Even before lockdowns and stay-at-home orders in 2020 moved practically every business to remote operations, a large portion of the American workforce was finding ways to make working from home a viable option for its employees. After all, allowing employees the flexibility of working on their own schedule makes for a happier, more productive team, and eliminating the expense of a brick-and-mortar office location can make a big difference for your bottom line.
But as many businesses discovered when they switched to remote work at the start of the pandemic, operating like this does bring plenty of challenges.
It comes down to knowing what works and what doesn’t work when you’re running a remote business. The reality is that it’s much different from running a business where everyone is working in the same centralized location. It requires both employers and employees to make some changes to their mindset and their work style if they’re going to be successful.
Here are a few important steps employers and employees can take if they want to be part of a great remote business.
Employers should be clear about all expectations
The biggest change about working remotely is that people aren’t right there in the same place at the same time. You need to be clear about what’s expected of them. For example, you might give people the flexibility to work whatever hours they choose as long as their work gets done, but they must work at least four hours during regular 9:00-5:00 business hours every weekday. If somebody from within your team sends them an email or a message, they are expected to respond within 24 hours. Having rules like this in place will ensure everyone is able to work together effectively even if they aren’t all in the same place.
In some cases, overcommunication is the key. If you need something completed by a certain time, ask for it. On the flip side, if you need an extension on something, say so. Communicating among team members is even more important when you all are collaborating on the same projects from different places. It helps if you have a sole means of communication, such as Slack, instead of trying to juggle multiple modes of communication like email and text messages.
Employees should avoid being too casual (in other words, be as professional as you would be at the office)
Some employees might think that because they are working remotely, they can be more casual than they would be if they were in the office with someone. Let your team members know that certain behaviors are still inappropriate for a professional setting, even if that professional setting is just a Zoom call.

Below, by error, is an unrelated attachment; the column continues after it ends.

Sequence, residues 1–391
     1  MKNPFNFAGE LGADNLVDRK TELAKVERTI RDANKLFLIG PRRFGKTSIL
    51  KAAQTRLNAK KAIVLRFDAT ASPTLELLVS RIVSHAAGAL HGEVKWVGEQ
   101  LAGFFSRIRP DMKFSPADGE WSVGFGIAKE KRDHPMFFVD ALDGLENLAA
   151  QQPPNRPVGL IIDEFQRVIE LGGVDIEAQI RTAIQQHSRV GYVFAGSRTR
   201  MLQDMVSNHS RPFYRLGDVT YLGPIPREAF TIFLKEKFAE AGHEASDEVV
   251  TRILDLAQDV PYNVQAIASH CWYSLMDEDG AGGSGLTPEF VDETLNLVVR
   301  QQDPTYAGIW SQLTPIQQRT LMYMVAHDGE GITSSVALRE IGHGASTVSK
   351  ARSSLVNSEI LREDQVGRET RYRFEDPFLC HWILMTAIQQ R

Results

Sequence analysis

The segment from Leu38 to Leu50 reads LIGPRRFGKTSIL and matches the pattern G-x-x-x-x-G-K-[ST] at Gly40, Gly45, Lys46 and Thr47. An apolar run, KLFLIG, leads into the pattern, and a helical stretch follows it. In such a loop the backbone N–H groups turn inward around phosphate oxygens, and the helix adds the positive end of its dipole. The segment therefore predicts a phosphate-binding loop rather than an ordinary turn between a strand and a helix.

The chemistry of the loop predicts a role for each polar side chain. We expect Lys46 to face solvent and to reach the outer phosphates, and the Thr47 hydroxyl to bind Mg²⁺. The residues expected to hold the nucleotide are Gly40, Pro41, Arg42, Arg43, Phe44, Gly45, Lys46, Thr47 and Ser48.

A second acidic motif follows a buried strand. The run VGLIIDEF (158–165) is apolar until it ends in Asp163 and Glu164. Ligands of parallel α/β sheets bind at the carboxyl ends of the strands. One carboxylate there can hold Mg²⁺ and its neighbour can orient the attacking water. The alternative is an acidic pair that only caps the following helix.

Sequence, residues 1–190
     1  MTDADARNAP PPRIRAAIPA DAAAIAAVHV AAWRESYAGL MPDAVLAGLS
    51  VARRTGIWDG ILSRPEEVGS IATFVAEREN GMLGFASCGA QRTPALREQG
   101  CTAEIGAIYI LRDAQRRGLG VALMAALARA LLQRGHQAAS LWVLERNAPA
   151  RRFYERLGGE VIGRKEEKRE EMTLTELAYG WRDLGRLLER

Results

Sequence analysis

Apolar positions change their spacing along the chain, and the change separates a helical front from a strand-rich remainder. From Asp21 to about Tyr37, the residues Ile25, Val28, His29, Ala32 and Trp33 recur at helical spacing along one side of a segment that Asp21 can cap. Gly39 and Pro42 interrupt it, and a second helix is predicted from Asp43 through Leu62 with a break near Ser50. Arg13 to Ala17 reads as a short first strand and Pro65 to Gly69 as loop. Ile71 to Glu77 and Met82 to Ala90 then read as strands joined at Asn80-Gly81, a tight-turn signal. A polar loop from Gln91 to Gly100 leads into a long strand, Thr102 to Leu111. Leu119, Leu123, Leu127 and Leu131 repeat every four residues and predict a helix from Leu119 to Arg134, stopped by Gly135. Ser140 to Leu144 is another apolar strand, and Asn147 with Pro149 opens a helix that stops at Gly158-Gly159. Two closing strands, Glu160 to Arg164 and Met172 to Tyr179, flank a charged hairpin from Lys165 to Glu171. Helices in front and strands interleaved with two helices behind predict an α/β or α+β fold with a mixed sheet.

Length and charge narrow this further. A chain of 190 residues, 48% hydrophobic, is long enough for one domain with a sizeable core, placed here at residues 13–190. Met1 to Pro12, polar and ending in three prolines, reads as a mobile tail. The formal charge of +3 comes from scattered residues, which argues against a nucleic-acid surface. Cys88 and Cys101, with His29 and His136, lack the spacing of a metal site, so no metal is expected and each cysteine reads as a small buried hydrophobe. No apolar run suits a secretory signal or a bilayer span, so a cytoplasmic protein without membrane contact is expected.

Remember that certain comments or topics should be off limits (don’t make any crude jokes or use any foul language). Additionally, employees might not have a dress code they need to adhere to, but they should at least be presentable when they are jumping into a virtual meeting. Wearing your pajamas or having a huge mess in the background could hurt your credibility among your team members.
Employers should cover all the expenses they normally would if they had an office
One of the benefits of having a remote company is that you save a lot of money on things like rent or other infrastructure costs. That doesn’t mean, however, that some of the expenses you would cover should be wholly absorbed by your employees. If they need a computer or a phone to do their job successfully, you might consider reimbursing them in part for these expenses. You could also consider offering a monthly allowance for small office supplies they might need (you know, the items you would typically keep in your supply cabinet, such as notepads, pens, paper clips, or sticky notes).
Employees should find a work zone that works best for them
Some people flourish working from their dining room table during typical daytime hours. Others might find that they do their best work early in the morning — when they first wake up at 4:00 AM until the sun rises at 7:00 AM. Others might do better working late at night — they get their best work done after midnight. Don’t be afraid to experiment with your routine, and as long as it isn’t inconveniencing your teammates, get the work done when it’s best for you. You can also be just as flexible with your location as you are with your hours — if you need a change of scenery in the afternoons, scoot out to a coffee shop and work from there.
Employers should find a project management platform that works for their needs
When you’re all working in an office together, it’s easy enough for your team to collaborate on projects via an office network. When you’re operating remotely, your employees will likely need a project management platform that will show them what projects are currently in the works, who is responsible for what part of the process, when each step is supposed to be completed, and important notes everyone should know. You can have the confidence of knowing where each project is in its process, and if something goes wrong, it’s easier to pinpoint where the problem occurred.
Employees should seek to create a work-life balance for themselves
When you work from home, it’s easy to let the line blur between when you’re working and when you’re living your life. This is a fast track to burnout. In other situations, it impedes your productivity simply because you keep getting distracted by personal obligations. Set designated hours for yourself and then make a point of not checking work emails or checking the status of a project for the rest of the night. If you have a friend or family member who assumes you’re always available for favors or social activities just because you work from home, communicate your office hours to them and let them know you can interrupt your work only for emergencies.